327 F2d 641 Delgado v. United States
327 F.2d 641
Beatrice Martinez DELGADO and Gilbert Hernandez Rodriguez, Appellants,
UNITED STATES of America, Appellee.
United States Court of Appeals Ninth Circuit.
January 16, 1964.
Wm. Bryan Osborne, Los Angeles, Cal., for appellants.
Francis C. Whelan, U. S. Atty., Thomas R. Sheridan, Asst. U. S. Atty., Chief, Crim. Section, and William D. Keller, Asst. U. S. Atty., Los Angeles, Cal., for appellee.
Before CHAMBERS, HAMLEY and DUNIWAY, Circuit Judges.
DUNIWAY, Circuit Judge.
Rodriguez and Delgado were each convicted under counts 8 and 9 of an indictment. Separate judgments were entered against each, and each appeals. The charge was violation of 21 U.S.C. § 176a, in receiving, concealing and facilitating transportation and concealment of marijuana, which they knew had been imported into the United States contrary to law. We are of the opinion that the evidence was insufficient to sustain an essential element of the offense, possession, upon which alone the government relied. (See second paragraph of section 176a).
Stated most favorably to the government, the evidence shows the following: Rodriguez and Delgado were living together as "common law" spouses (which is merely inaccurate shorthand for being unmarried but living as if married), with their two children, at 910 Boyle Street, Los Angeles. With the consent of one of them,1 the premises were searched. The bedroom which they occupied contained a double bed, a dresser, a TV set, and, at the foot of the bed, a night stand. There was also a closet, and in it the officers found a tan purse containing $150. Miss Delgado said it was hers. In the right top drawer of the dresser, they found another purse, containing $500. Miss Delgado said it was hers. She said she had saved part of the money "from her unemployment," and her "husband" had given her part of it, and "she had worked some." In a drawer of the night stand, the officers found seven marijuana cigarettes (count 9), and a small quantity of loose marijuana inside a folded newspaper (count 8). Miss Delgado declined to answer a question as to whether the marijuana belonged to her. Also in the night stand were pocket books (paperbacks).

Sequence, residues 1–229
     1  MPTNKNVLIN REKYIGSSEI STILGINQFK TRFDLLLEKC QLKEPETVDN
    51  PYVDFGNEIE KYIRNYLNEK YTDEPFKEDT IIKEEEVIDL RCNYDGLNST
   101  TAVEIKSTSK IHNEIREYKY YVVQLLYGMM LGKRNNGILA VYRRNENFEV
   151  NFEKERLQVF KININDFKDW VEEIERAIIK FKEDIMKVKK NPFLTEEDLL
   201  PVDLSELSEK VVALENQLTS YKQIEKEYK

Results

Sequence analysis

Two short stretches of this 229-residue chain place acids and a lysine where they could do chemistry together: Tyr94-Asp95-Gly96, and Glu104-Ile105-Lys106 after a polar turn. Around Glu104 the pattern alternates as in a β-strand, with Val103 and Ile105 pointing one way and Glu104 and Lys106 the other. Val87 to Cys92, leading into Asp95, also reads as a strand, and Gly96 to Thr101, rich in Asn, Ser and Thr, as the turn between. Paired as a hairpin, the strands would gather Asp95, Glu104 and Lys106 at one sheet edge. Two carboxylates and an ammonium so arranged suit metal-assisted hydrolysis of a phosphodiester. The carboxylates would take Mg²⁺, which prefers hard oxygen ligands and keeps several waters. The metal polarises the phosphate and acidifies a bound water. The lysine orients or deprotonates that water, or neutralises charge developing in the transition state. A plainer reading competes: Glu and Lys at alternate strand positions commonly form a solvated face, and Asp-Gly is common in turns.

It is fundamental to our system of criminal law that guilt is individual. Here, that means that there must be sufficient evidence to support a finding, as to each defendant, that he or she had possession of the marijuana. Possession can be joint as well as several, "constructive" as well as "actual." It must also be knowing. But here it is pure speculation as to whether Rodriguez alone, or Delgado alone, or both of them, had possession. No doubt one of them did; perhaps both did. But proof that does not give a rational basis for resolving the doubts necessarily present in the situation pictured to the jury in this case is not sufficient. (See Evans v. United States, 9 Cir., 1958, 257 F.2d 121; Williams v. United States, 9 Cir., 1961, 290 F.2d 451; Arellanes v. United States, 9 Cir., 1962, 302 F.2d 603).
The judgments are reversed.
It is claimed that the search was unlawful, and that no actual consent was given. We do not reach these questions